King Soopers, City Market workers in Denver, Colorado Springs authorize strike as contract deadline looms

Essential Workers King Soopers
Hart Van Denburg/CPR News
King Soopers in Capitol Hill in Denver, June 24, 2020.

Denver and Colorado Springs-area King Soopers and City Market grocery workers voted overwhelmingly Monday to authorize a strike against the supermarket chain, adding pressure to ongoing contract negotiations set to wrap up this week.

More than 97 percent of Denver union members who voted Sunday approved a strike in response to alleged unfair labor practices. At least 95 percent of Colorado Springs members who voted were in favor Monday.

“It’s evident that workers are fed up,” said Kim Cordova, president of United Food and Commercial Workers Local 7, which represents roughly 17,000 King Soopers and City Market retail and butcher workers in the state. “They’re upset with their employer with the way they’ve handled negotiations and the lack of respect the company has for them.” 

The vote allows the union power to call a strike if bargaining members are unable to reach a deal with the company. The two sides have been in negotiations for weeks, and the current contract expires January 8. If a strike occurs, workers could walk off the job as early as January 9. 

Last week, the union turned down a proposal from the company, which included more than $145 million in pay raises and new investments in health care and pension plans. Under that version of the contract, individual workers would get an annual 50-cent-per-hour wage raise over the next four years.

Many workers are burnt out and frustrated after almost two years of the pandemic, and Cordova says they feel that work was not rewarded in the latest proposal. Union leaders say it contained a host of unfair concessions, such as a two-tier wage system that would mean less pay for workers in smaller cities. 

On top of wage increases, the union wants to see better safety and security measures at stores, such as armed security guards and additional personal protective equipment. They are also seeking more affordable health care.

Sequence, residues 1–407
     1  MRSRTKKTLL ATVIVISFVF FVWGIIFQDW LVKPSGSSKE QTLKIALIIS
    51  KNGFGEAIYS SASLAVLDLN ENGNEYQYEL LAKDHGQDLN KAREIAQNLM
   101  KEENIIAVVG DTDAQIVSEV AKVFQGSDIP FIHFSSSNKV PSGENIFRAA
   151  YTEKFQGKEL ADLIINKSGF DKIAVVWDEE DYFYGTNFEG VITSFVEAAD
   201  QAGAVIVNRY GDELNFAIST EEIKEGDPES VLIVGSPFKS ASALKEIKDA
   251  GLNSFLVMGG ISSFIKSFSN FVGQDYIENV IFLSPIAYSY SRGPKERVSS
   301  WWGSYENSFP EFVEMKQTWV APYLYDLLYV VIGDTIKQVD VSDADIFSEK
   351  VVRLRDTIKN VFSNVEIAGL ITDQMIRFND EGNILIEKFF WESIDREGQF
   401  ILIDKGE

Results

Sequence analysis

The company said its proposal brings 75 percent of hourly wages up to more than $18 an hour. 

“We will continue to do everything we can to balance investments in wages and overall well-being while keeping food affordable for our customers,” said Joe Kelley, president of King Soopers and City Market.

The union organized its strike vote after the company allegedly hired temporary workers to fill vacancies in many stores. Labor shortages and high COVID-19 case numbers have plagued grocery stores over the past several months. 

Starting in November, King Soopers began hiring “scab” workers to perform union jobs, such as shelf stocking, according to a lawsuit UFCW Local 7 filed in U.S. District Court last week.  It also paid them a higher wage than regular associates, the suit states.

King Soopers declined to comment on the litigation.

“It hinders our ability to negotiate a good and fair contract because of these violations,” union head Cordova said. 

Liz Wesley, a King Soopers florist, voted in favor of the strike in Colorado Springs Monday. She’s worked at the company’s stores for 17 years, and she called the company’s hiring of temporary workers a “slap in the face” to long-time employees. 

“It’s not anyone’s first choice to strike,” she said. “We want them to pay attention and to hold them accountable.” 

The company plans to continue bargaining regardless of the strike vote outcome, according to a statement.

Correction: This story has been updated to clarify the strike vote turnout.